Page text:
Margie and Will are actively involved in selecting the wines served at Maximillians. “We work with different [wine] purveyors…and choose the wines [based on] what we like [and] what pairs [well] with food,” Margie explains. To help diners explore these pairing, Will and Margie host intimate wine dinners in their upstairs loft. These dinners offer multi-course meals accompanied by expertly paired wines selected by the owners, with assistance from wine reps. Each wine dinner provides a sumptuous menu that includes Sysco products. “[At] my last wine dinner…I [got] the North Carolina jumbo lump crab [from Sysco]…The lamb that I did was Sysco…the whole [menu] was Sysco.”

When the pandemic’s onset abruptly changed their plans and the restaurant’s fate, the owners got creative. Guided by the Sysco Foodie Solutions Kitchen 2 Kitchen Toolkit, Margie and Will took their wine dinners online. Now patrons can pick up pre-packed gourmet meals with wines for each course. As Margie explains, “[participants receive] five ounces of wine in each [bottle], and they’re all labeled. I cook the wine dinner and box it up.” Each participant then picks up their dinner kit and logs in online to participate in the virtual wine dinner. Margie introduces the participants before announcing each course and gives reheat instructions for hot food items during the session.

Twenty-eight people registered for the first virtual wine dinner at Maximillians. Margie describes the experience, “So there we were; myself, our wine rep, and the one employee that’s still with us. None of us had ever used Zoom. We didn’t know what it was, but we did it, and it was a success, and everybody had a blast. So I said, [to the participants] ‘alright, [is] this is something you’d be interested in again?” The response – ‘when’s the next one?’ So we’re gonna do one more before the end of the year.” By the second virtual wine dinner, attendance jumped to 37 participants, increasing nearly 10% from the month prior.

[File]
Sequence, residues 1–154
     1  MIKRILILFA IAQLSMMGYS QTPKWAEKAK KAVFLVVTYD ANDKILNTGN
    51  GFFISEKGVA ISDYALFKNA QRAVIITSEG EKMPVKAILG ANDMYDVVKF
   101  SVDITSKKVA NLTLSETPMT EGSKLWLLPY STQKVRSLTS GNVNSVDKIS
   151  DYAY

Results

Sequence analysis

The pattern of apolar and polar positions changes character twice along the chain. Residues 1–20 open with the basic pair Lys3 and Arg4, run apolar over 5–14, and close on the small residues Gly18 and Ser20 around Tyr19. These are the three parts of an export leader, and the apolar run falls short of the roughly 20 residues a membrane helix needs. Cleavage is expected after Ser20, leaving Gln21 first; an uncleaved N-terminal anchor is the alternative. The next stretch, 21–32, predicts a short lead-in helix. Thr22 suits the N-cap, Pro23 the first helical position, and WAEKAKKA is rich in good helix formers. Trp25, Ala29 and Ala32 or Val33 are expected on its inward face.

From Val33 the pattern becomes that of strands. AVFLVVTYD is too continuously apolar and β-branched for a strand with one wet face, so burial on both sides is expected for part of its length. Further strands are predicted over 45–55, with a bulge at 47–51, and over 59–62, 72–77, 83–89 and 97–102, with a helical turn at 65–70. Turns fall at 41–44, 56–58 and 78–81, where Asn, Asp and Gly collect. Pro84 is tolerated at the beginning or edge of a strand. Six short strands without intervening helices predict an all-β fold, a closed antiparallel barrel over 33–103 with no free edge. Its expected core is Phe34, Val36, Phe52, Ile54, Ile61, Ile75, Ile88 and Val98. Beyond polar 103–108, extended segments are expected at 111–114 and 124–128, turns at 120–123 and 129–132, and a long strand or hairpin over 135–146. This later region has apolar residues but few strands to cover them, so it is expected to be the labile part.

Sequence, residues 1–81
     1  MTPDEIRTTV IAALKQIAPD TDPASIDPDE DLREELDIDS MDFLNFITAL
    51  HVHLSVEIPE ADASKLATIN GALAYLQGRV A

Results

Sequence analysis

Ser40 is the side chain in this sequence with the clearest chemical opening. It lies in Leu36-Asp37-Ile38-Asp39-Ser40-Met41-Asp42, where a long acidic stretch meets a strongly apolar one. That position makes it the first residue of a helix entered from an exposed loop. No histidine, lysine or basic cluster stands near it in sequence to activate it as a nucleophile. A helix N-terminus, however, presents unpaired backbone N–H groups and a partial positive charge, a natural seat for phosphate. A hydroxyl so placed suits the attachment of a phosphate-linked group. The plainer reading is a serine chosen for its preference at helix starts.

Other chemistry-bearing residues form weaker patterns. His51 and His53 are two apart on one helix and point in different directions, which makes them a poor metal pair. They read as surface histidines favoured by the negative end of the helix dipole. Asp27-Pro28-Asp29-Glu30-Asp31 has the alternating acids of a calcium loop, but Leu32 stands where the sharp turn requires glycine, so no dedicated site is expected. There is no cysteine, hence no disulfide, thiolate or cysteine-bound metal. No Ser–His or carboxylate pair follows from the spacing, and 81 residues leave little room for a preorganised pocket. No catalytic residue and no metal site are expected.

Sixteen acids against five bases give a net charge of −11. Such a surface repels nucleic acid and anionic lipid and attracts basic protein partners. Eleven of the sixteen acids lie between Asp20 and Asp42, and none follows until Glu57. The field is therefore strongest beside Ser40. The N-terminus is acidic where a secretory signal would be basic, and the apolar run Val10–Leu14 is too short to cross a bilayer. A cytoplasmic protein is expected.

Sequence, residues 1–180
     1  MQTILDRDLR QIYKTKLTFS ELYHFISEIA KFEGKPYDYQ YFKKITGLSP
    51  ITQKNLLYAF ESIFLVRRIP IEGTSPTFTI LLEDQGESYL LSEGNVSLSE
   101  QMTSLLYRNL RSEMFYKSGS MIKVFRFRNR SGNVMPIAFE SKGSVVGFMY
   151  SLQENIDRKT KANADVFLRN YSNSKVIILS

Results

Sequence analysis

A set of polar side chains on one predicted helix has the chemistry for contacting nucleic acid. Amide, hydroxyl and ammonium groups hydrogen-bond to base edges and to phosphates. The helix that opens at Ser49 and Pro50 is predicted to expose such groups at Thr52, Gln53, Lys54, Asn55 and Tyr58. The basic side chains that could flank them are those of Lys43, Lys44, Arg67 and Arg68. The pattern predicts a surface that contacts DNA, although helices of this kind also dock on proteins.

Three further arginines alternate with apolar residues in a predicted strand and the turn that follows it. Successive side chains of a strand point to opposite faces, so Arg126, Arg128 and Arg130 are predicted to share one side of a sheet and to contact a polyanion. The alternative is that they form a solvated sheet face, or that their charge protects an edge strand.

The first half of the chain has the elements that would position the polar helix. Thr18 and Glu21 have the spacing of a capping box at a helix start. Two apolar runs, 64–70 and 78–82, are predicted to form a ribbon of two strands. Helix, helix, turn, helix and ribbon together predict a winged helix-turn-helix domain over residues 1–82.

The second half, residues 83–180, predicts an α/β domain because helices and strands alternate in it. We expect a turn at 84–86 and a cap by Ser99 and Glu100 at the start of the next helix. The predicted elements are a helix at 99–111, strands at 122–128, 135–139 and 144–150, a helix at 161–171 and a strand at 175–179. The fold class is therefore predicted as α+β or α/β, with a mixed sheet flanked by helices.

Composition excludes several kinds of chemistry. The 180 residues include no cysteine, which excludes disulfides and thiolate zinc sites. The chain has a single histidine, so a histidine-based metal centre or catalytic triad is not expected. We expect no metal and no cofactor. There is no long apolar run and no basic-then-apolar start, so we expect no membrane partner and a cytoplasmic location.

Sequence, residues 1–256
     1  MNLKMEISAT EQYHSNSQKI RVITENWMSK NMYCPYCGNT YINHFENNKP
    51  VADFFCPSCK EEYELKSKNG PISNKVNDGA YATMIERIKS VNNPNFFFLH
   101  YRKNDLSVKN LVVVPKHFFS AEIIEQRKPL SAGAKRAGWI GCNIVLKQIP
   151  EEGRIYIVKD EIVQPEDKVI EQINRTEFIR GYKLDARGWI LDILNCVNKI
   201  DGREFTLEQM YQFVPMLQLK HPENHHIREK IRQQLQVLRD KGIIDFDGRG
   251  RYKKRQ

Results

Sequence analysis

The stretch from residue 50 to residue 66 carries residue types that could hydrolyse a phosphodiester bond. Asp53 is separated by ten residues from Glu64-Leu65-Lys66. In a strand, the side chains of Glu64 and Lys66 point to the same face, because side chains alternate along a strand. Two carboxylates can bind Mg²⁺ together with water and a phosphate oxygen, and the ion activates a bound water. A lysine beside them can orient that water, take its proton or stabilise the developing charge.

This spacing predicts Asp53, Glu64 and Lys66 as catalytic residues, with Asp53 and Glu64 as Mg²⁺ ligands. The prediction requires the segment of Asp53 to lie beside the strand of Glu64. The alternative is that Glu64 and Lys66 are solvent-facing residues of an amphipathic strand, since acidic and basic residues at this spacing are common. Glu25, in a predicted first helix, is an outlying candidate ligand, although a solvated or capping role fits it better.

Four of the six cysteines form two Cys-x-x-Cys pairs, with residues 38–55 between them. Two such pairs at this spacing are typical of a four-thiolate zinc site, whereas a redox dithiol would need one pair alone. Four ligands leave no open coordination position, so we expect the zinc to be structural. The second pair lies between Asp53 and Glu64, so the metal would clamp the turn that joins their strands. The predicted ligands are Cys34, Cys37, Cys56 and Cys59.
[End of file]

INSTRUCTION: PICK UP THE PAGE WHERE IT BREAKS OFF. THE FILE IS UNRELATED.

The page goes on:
The Sysco Foodie Solutions Kitchen 2 Kitchen Toolkit outlines virtual solutions that can offset revenue loss due to consumer concerns of dining in during a pandemic. ” What I liked about [the toolkit] is this is not something where I had to sit there and listen, and be taught, and be sold,” says Margie. “What I liked about the Sysco Toolkit was that I could go on when I got home from work at 10 o’clock at night… [and look] closer into the toolkit. We went back and used it as a reference [for our virtual wine dinners].”

Before offering wine dinners online, Margie asked the question that so many restaurant owners have asked this year – “how are we bringing in revenue, and how can we still survive in a COVID era.” For Maximillians, the answer has become more apparent through their tireless efforts to serve customers at their comfort level while maintaining high food and service standards. “Our clientele is not coming in to dine,” Margie says. “Our curbside has stayed consistent and is still doing well, [but] when we ask our regulars, ‘are you ready to eat in yet?’ No, they’re not. Virtual wine dinners, in my opinion, are just going to continue right now.”

For more information on how to set up virtual dinners and other virtual dining solutions, click here to review the Sysco Foodie Solutions Kitchen 2 Kitchen Toolkit.